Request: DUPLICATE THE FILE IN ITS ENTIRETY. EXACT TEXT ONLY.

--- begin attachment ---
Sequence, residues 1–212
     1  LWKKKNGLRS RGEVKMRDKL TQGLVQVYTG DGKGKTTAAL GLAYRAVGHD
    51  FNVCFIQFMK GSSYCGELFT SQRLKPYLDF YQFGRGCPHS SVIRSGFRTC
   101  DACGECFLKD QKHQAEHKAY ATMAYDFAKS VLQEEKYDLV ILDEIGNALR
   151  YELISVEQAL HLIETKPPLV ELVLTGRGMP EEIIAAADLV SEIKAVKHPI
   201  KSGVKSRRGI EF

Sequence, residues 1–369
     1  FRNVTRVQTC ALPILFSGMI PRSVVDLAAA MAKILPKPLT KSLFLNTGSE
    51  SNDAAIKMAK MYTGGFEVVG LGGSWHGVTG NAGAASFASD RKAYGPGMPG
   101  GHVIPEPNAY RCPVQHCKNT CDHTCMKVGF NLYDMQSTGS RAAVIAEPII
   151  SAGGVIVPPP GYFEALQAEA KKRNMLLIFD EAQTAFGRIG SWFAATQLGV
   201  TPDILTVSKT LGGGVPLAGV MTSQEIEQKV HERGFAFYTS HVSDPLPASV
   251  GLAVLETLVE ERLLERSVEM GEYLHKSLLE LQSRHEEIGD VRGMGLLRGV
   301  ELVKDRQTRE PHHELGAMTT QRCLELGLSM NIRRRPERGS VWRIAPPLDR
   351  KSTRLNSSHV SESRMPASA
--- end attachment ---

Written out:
Sequence, residues 1–212
     1  LWKKKNGLRS RGEVKMRDKL TQGLVQVYTG DGKGKTTAAL GLAYRAVGHD
    51  FNVCFIQFMK GSSYCGELFT SQRLKPYLDF YQFGRGCPHS SVIRSGFRTC
   101  DACGECFLKD QKHQAEHKAY ATMAYDFAKS VLQEEKYDLV ILDEIGNALR
   151  YELISVEQAL HLIETKPPLV ELVLTGRGMP EEIIAAADLV SEIKAVKHPI
   201  KSGVKSRRGI EF

Sequence, residues 1–369
     1  FRNVTRVQTC ALPILFSGMI PRSVVDLAAA MAKILPKPLT KSLFLNTGSE
    51  SNDAAIKMAK MYTGGFEVVG LGGSWHGVTG NAGAASFASD RKAYGPGMPG
   101  GHVIPEPNAY RCPVQHCKNT CDHTCMKVGF NLYDMQSTGS RAAVIAEPII
   151  SAGGVIVPPP GYFEALQAEA KKRNMLLIFD EAQTAFGRIG SWFAATQLGV
   201  TPDILTVSKT LGGGVPLAGV MTSQEIEQKV HERGFAFYTS HVSDPLPASV
   251  GLAVLETLVE ERLLERSVEM GEYLHKSLLE LQSRHEEIGD VRGMGLLRGV
   301  ELVKDRQTRE PHHELGAMTT QRCLELGLSM NIRRRPERGS VWRIAPPLDR
   351  KSTRLNSSHV SESRMPASA